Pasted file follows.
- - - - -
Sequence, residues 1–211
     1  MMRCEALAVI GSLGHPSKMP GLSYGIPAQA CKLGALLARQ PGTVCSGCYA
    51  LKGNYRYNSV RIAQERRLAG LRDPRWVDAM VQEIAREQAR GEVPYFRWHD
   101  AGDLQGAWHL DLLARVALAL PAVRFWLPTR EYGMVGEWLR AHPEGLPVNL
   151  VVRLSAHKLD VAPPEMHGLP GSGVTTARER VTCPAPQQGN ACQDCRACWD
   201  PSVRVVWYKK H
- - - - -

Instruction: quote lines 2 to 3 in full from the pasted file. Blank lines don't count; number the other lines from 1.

     1  MMRCEALAVI GSLGHPSKMP GLSYGIPAQA CKLGALLARQ PGTVCSGCYA
    51  LKGNYRYNSV RIAQERRLAG LRDPRWVDAM VQEIAREQAR GEVPYFRWHD